To more illustrate this point, we train and test our model on the human and mouse TATA promoter datasets with different methods of negative sets preparation. The first experiment is performed using randomly sampled negative sequences from non-coding regions of the genome (i.e., similar to the approach used in the previous works). Remarkably, our proposed model achieves nearly perfect prediction accuracy (precision=99%, recall=99%, Mcc=98%) and (precision=99%, recall=98%, Mcc=97%) for both human and mouse, respectively. These high results are expected, but the question is whether this model can maintain the same performance when evaluated on a dataset that has hard examples. The answer, based on analyzing the prior models, is no. The second experiment is performed using our proposed method for preparing the dataset as explained in section 2.2. We prepare the negative sets that contain conserved TATA-box with different percentages such as 12, 20, 32, and 40% and the goal is reducing the gap between the precision and the recall. This ensures that our model learns more complex features rather than learning only the presence or absence of TATA-box. As shown in Figures 5A,B the model stabilizes at the ratio 32~40% for both human and mouse TATA promoter datasets.

FIGURE 5
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Figure 5. The effect of different conservation ratios of TATA motif in the negative set on the performance in case of TATA promoter dataset for both human (A) and mouse (B).

3.3. Results and Comparison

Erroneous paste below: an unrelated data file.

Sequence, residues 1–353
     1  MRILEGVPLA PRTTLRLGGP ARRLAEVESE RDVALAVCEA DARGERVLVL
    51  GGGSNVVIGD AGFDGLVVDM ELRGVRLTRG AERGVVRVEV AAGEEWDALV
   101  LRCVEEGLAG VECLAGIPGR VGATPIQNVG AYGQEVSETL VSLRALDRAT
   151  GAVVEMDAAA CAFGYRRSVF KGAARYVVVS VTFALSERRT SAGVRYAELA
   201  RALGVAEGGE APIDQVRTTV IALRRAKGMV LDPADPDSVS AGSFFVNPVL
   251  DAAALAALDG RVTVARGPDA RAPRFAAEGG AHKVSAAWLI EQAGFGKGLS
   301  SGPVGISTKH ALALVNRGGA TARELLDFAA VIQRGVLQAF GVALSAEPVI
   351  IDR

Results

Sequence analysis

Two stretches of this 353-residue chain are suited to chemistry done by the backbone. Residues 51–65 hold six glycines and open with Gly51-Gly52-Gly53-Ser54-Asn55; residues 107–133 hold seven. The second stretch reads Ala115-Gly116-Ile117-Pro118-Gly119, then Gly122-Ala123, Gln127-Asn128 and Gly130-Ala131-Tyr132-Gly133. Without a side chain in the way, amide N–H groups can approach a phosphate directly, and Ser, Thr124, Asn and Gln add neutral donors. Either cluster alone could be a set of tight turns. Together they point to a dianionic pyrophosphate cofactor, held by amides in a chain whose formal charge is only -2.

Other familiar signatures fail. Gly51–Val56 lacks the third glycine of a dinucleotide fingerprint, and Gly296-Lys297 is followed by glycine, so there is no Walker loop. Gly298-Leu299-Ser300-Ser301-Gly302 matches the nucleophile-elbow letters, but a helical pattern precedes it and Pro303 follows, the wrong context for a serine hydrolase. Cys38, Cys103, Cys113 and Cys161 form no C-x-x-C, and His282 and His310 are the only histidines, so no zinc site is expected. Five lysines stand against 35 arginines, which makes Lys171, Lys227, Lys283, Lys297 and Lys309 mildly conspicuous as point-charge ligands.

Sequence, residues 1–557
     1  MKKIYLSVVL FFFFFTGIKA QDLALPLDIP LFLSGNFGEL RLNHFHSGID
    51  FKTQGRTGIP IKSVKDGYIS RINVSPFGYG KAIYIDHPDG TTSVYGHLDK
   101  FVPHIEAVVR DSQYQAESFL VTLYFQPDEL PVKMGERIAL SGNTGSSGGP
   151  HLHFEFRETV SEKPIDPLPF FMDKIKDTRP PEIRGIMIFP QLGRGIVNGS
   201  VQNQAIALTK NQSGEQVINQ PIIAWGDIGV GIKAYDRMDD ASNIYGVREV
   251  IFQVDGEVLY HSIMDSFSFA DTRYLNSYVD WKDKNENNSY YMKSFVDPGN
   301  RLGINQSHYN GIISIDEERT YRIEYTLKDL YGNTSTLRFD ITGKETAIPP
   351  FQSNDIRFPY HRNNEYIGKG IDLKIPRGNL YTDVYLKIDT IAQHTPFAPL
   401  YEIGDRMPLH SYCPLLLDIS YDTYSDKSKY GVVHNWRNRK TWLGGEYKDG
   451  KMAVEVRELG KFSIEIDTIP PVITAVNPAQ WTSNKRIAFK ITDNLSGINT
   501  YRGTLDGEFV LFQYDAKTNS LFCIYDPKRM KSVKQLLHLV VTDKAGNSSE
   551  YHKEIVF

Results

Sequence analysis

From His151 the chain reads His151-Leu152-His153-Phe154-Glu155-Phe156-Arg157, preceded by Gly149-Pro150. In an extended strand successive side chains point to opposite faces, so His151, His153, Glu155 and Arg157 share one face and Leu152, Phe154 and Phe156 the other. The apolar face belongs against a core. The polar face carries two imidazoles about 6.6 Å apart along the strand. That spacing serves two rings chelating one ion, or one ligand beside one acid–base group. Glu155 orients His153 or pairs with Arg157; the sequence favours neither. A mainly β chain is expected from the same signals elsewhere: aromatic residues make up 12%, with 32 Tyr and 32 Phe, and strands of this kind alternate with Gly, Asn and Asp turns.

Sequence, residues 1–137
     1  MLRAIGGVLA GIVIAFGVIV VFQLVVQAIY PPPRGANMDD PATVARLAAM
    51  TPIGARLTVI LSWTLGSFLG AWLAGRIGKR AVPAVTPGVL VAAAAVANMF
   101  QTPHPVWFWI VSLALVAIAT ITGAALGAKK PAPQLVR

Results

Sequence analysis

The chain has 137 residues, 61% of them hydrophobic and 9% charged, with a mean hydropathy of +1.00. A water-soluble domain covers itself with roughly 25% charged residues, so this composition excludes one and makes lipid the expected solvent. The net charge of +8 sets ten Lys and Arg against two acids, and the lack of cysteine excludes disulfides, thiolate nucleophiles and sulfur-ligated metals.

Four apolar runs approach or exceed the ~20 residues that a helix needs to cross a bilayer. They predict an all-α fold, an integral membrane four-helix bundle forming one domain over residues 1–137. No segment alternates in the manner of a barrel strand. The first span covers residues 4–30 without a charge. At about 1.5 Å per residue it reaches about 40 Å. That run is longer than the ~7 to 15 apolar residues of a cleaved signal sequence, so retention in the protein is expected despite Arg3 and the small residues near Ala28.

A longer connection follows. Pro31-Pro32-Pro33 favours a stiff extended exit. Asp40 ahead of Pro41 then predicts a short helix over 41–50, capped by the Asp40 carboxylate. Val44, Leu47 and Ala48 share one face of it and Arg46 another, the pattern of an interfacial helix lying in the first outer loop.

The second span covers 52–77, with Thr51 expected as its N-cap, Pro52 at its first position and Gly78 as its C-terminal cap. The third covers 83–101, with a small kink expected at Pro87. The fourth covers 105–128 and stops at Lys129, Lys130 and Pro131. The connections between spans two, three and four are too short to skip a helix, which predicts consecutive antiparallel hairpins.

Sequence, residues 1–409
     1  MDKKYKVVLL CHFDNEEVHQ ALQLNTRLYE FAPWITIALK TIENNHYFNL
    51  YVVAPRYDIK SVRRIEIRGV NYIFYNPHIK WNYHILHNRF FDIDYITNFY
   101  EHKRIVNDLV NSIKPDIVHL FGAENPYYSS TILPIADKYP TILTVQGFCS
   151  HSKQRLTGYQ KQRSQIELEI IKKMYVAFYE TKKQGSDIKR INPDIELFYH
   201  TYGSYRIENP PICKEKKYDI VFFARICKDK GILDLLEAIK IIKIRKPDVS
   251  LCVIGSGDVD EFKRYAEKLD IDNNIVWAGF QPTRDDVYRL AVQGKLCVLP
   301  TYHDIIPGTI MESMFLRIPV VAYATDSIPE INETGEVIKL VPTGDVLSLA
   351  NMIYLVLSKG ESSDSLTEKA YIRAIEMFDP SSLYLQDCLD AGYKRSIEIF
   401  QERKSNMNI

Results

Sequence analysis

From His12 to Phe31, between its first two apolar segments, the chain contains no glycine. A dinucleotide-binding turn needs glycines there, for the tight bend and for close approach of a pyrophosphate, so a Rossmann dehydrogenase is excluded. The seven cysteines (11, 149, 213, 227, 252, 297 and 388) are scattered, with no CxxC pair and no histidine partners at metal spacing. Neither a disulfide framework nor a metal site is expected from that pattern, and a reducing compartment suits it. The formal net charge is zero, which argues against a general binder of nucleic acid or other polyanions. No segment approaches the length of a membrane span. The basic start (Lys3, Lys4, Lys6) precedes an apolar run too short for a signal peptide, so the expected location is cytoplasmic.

Over the past years, plenty of promoter region prediction tools have been proposed (Hutchinson, 1996; Scherf et al., 2000; Reese, 2001; Umarov and Solovyev, 2017). However, some of these tools are not publically available for testing and some of them require more information besides the raw genomic sequences. In this study, we compare the performance of our proposed models with the current state-of-the-art work, CNNProm, which was proposed by Umarov and Solovyev (2017) as shown in Table 2. Generally, the proposed models, DeePromoter, clearly outperform CNNProm in all datasets with all evaluation metrics. More specifically, DeePromoter improves the precision, recall, and MCC in the case of human TATA dataset by 0.18, 0.04, and 0.26, respectively. In the case of human non-TATA dataset, DeePromoter improves the precision by 0.39, the recall by 0.12, and MCC by 0.66. Similarly, DeePromoter improves the precision, and MCC in the case of mouse TATA dataset by 0.24 and 0.31, respectively. In the case of mouse non-TATA dataset, DeePromoter improves the precision by 0.37, the recall by 0.04, and MCC by 0.65. These results confirm that CNNProm fails to reject negative sequences with TATA promoter, therefore, it has high false positive. On the other hand, our models are able to deal with these cases more successfully and false positive rate is lower compared with CNNProm.